Buddy-roo turned to me and reached up with her hands. I bent over to accept what I thought was an offered hug. “No mama,” she said, “You have my back-pack.” I’d carried it all the way to school because she’d ridden her little bike, I didn’t even realize I still had it on my shoulder. I handed over her pink Barbie bag; she grabbed it from me without looking up and ran toward the big doors of the school courtyard. For someone who never wants to go to school, once she gets there she’s too excited to even say goodbye. I called out to her. “I’ll see you in two weeks!” She turned and blew me a kiss, and ducked through the doors, disappearing into the mob of screaming children.
Last night I lay in bed next to Short-pants, having one of our bed-time talks.
I reminded her that I was leaving today to go away for a long trip, to Cuba. “But I’ll miss you,” she said. She always says that, with the sweetest-sad song in her voice, when she sees me preparing my suitcase for a trip. And then, after thinking about it, she asked, “Why are you going there?”
I explained that I’m going to work with some colleagues to help run a meeting, but that the really coolest thing about going to Cuba is that I’m going to visit the city where my mother grew up. Though she was born in New Orleans, mi madre spent her formative years in Havana. Of course this was another era – before Che and Fidel – which I suspect I will only be able to imagine when I find myself in standing on the dusty streets of her old hometown.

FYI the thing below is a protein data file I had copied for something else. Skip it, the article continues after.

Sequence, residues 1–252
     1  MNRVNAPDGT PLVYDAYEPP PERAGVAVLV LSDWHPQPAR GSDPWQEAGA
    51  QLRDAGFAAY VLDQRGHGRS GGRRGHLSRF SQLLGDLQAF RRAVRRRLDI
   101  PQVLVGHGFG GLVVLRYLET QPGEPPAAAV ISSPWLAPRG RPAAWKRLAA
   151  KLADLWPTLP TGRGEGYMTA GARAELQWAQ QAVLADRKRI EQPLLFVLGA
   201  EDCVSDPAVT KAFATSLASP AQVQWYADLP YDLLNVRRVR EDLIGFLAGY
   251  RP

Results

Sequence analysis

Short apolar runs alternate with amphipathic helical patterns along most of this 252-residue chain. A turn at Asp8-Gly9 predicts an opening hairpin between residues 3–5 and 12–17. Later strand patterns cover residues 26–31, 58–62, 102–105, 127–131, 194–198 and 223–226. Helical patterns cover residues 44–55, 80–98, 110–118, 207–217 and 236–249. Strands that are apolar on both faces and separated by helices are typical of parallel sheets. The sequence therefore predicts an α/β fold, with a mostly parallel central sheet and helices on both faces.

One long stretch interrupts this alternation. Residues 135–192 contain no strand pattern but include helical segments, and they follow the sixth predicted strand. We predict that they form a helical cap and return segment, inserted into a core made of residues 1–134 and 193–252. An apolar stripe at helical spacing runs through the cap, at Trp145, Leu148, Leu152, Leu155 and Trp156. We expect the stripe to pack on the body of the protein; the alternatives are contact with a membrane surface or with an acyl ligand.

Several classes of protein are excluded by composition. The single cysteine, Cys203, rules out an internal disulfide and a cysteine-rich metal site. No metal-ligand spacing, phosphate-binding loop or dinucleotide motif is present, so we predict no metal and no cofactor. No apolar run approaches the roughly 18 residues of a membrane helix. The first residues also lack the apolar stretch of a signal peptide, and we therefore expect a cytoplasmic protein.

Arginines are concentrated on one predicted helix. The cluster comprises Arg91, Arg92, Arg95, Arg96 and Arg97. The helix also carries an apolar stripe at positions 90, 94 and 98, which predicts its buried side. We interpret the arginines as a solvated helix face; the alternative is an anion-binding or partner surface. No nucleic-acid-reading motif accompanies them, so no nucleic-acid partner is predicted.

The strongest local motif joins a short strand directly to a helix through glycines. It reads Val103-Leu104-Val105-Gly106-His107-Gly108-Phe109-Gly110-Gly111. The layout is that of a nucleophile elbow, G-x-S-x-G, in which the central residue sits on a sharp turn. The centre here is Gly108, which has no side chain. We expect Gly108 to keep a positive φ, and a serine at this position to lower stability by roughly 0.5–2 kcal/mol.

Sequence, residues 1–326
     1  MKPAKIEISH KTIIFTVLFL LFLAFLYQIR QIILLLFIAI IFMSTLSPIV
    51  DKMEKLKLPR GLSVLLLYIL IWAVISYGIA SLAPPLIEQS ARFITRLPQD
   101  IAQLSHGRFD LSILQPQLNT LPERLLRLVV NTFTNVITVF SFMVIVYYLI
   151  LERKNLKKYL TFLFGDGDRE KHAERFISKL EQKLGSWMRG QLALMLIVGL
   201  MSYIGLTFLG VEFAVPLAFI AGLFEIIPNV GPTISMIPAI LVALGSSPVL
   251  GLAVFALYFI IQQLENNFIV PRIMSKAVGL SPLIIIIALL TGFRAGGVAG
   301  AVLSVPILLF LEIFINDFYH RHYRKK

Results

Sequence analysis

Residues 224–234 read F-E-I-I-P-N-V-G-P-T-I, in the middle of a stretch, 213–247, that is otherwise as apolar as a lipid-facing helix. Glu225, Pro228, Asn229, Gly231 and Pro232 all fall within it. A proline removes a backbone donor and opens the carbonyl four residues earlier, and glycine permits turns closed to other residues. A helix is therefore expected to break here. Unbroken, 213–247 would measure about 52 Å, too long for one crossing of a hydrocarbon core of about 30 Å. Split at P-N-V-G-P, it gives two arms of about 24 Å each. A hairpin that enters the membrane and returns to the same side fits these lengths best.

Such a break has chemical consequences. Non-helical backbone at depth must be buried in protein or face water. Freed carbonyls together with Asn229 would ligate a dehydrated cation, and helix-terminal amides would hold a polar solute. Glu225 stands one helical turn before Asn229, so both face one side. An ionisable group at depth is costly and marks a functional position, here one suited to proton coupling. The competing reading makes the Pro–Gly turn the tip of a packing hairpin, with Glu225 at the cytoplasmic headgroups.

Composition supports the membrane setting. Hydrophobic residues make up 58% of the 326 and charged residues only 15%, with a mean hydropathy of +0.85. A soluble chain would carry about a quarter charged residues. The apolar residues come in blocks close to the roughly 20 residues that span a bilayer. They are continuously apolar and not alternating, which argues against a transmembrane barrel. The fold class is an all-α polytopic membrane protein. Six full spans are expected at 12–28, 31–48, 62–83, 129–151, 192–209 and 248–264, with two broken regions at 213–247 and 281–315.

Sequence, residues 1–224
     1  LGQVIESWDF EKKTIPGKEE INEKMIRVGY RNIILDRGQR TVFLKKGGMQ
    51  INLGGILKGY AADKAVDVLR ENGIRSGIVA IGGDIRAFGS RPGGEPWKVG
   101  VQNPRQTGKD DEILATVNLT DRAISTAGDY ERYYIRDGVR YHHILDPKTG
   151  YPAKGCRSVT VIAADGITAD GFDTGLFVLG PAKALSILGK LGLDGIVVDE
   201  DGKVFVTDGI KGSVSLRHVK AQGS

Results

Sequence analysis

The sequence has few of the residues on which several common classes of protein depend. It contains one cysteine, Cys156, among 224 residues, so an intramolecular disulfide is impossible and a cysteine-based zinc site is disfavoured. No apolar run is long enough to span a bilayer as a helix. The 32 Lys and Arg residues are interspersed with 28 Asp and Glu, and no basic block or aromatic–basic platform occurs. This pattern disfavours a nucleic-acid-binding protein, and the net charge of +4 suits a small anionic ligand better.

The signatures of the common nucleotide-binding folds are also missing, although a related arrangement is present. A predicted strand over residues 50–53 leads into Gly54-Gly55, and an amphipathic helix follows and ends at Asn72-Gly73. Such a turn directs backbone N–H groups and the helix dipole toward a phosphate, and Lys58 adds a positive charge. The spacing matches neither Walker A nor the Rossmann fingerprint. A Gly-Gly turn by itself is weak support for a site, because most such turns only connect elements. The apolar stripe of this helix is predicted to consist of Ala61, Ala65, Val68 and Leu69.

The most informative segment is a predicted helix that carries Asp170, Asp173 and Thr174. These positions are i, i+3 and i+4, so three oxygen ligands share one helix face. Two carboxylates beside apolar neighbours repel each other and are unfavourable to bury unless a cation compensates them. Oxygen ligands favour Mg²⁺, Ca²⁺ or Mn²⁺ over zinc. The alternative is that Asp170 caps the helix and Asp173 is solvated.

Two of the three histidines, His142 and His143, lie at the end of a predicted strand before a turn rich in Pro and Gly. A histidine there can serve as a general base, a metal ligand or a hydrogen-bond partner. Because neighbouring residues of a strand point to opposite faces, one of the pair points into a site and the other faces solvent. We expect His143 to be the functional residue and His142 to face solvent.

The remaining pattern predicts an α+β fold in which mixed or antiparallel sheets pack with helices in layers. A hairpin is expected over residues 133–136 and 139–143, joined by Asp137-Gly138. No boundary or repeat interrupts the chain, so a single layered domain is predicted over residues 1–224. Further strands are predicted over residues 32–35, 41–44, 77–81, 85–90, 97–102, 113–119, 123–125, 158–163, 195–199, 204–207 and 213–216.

“Will you go see her house, where she grew up? Will you see her school?”
I thought about the detailed and yet vague email my mother sent me, describing the location of her house in Miramar, with its numbered streets and the placement of her childhood house on the such-and-such corner. She remembers exactly where the house was, though she says it’s no longer there. She remembers how she used to watch the Las Comparsas, the Mardi Gras parade, from the balcony of the American Club, which is also no longer there. Her memory is better than mine will ever be. Or maybe it’s just easier to remember things that you know are gone for good.
As for the school, I hadn’t thought about going to find the one she attended, but now I just might try, if there’s time, so I can take a picture and bring it back to show my daughters, to show them something about their grandmother’s early life that they can relate to. Would I see my mother when I’m there? Short-pants wanted to know. Oh, but if this were true! My mother has made only one trip to Havana since she left at age of 18. She would love to meet me there.
But no, I’m going solo on this trip. No De-facto, no kids. Just me, traveling on my own, a bit like the old days. “Have a big adventure,” De-facto said to me, after he carried my suitcase down the stairs this morning. Who knows? Maybe I will.